Sea-ice extent in the Southern Ocean during the Last Glacial Maximum: another approach to the problem

Publication Status is "Submitted" Or "In Press: 
LDEO Publication: 
Publication Type: 
Year of Publication: 
1998
Editor: 
Journal Title: 
Annals of Glaciology, Vol 27, 1998
Journal Date: 
Place Published: 
Tertiary Title: 
Volume: 
27
Issue: 
Pages: 
302-304
Section / Start page: 
Publisher: 
ISBN Number: 
0260-3055
ISSN Number: 
Edition: 
Short Title: 
Accession Number: 
ISI:000079713100049
LDEO Publication Number: 
Call Number: 
Key Words: 
Abstract: 

Determining past sea-ice distribution is an important goal of paleoceanographers. Here, we present a possible approach to deter-mining past sea-ice distribution in the Southern Ocean during the Last Glacial Maximum (LGM). Diatoms are the principal opal-forming organisms south of the Antarctic Polar Front; their productivity is partly mediated by the presence/absence of sea ice. We reasoned that there should be good coherence between percentage biogenic opal in surface sediments and percentage annual sea-ice cover. This hypothesis was tested by comparing percentage biogenic opal in surface sediments against modern-day sea-ice cover in surface waters directly above each core site. The chronology for each core was determined by various means (biostratigraphy, C-14 age dating, and carbonate and opal stratigraphy). With the resulting curve we estimate that yearly concentration of sea ice can be determined to within 30%. Using these data, we estimated percentage sea-ice cover during the LGM for a number of sediment sites (50-66 degrees S) from the Southern Ocean. Core sites now beneath 100% open water witnessed some 25-60% sea ice during the LGM while core sites presently beneath sea ice during half of the year witnessed more than 75% sea-ice cover during the LGM.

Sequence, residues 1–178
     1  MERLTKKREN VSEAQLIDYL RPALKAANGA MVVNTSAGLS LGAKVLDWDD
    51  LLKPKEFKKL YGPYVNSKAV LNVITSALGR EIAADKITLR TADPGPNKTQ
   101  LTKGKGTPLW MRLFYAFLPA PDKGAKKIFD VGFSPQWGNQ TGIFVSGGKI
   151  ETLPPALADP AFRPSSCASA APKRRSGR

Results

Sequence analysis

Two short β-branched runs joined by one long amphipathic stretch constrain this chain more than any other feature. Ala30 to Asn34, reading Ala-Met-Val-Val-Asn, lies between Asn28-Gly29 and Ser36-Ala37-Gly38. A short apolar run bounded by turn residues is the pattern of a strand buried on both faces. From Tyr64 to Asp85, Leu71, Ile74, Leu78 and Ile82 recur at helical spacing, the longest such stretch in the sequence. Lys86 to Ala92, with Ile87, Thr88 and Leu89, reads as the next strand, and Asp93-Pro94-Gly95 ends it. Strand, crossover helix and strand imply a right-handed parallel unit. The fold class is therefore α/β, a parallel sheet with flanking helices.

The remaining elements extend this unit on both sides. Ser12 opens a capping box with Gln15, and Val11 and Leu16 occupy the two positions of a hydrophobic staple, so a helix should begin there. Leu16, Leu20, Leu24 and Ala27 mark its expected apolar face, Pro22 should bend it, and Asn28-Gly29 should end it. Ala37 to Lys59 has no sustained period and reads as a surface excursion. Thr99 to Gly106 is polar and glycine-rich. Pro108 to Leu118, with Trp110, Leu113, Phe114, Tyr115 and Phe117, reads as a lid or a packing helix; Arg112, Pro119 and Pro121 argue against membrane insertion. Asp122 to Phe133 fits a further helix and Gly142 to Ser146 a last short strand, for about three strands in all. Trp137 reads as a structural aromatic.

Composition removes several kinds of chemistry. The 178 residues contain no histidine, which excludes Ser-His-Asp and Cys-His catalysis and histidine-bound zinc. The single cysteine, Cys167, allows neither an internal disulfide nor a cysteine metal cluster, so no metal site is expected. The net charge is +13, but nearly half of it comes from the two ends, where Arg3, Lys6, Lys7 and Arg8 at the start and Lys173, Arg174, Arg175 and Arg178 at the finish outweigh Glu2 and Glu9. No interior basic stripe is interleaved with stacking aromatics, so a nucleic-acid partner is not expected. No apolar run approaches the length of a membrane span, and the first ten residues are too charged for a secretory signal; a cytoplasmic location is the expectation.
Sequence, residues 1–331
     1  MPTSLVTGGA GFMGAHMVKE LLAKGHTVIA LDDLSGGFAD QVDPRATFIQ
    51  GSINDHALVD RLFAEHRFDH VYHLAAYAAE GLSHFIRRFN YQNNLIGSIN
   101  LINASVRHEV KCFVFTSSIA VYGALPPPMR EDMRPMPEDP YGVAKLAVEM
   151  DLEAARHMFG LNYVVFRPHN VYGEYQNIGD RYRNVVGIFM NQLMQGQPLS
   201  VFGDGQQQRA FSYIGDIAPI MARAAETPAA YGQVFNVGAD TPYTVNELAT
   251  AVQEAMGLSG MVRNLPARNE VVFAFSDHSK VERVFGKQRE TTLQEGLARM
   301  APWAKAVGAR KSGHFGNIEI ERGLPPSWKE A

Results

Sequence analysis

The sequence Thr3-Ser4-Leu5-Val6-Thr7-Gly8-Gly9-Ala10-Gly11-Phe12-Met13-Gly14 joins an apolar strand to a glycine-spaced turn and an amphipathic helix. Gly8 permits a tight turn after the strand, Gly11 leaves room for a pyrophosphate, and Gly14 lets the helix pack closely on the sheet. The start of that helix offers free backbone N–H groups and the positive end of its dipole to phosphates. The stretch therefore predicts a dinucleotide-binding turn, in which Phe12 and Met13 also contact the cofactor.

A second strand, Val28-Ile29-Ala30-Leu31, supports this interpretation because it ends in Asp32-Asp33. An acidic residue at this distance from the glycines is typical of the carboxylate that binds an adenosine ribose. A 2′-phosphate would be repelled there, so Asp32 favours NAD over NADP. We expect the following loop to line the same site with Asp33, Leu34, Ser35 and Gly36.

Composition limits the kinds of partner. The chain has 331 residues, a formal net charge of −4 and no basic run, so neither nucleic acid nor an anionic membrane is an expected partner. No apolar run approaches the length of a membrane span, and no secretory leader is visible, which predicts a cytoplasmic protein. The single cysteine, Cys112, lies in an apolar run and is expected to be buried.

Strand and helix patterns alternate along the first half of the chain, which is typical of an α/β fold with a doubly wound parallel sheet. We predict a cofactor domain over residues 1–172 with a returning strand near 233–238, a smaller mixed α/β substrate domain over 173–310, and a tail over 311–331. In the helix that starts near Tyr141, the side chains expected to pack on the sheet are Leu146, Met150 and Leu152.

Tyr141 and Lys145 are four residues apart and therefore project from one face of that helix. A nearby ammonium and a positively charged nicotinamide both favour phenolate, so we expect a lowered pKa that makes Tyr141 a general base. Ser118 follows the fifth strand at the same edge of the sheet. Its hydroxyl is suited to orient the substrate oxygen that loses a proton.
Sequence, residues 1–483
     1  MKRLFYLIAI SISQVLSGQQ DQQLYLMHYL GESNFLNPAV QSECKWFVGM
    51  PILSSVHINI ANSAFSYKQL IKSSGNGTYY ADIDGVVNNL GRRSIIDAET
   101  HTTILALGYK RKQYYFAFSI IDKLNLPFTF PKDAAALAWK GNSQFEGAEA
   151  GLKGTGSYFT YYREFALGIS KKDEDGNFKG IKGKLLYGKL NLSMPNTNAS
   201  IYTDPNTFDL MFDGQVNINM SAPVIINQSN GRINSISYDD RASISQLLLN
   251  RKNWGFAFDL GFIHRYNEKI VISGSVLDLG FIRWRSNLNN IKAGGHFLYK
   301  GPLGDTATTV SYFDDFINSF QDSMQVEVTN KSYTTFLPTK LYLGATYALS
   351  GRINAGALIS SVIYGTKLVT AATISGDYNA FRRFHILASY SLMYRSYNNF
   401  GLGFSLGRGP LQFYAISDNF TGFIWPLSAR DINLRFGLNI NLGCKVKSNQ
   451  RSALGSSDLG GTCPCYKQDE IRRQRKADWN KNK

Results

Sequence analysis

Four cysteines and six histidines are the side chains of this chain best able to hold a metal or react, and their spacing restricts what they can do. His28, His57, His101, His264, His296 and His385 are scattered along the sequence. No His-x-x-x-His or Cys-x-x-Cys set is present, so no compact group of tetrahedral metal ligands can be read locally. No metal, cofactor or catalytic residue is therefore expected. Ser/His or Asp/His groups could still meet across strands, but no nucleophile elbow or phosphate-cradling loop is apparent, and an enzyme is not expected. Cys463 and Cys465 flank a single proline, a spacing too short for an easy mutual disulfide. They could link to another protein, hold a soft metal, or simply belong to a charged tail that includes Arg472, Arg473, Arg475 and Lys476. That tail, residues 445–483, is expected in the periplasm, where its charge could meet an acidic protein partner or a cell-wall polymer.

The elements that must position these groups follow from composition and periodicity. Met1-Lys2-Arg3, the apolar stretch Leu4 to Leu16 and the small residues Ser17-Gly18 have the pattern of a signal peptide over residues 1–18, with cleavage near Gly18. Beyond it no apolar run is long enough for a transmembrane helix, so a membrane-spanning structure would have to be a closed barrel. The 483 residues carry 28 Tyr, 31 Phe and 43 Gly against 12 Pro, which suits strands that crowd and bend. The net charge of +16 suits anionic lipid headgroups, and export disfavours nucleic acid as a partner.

Notes: 

Bm76jTimes Cited:3Cited References Count:15Annals of Glaciology

DOI: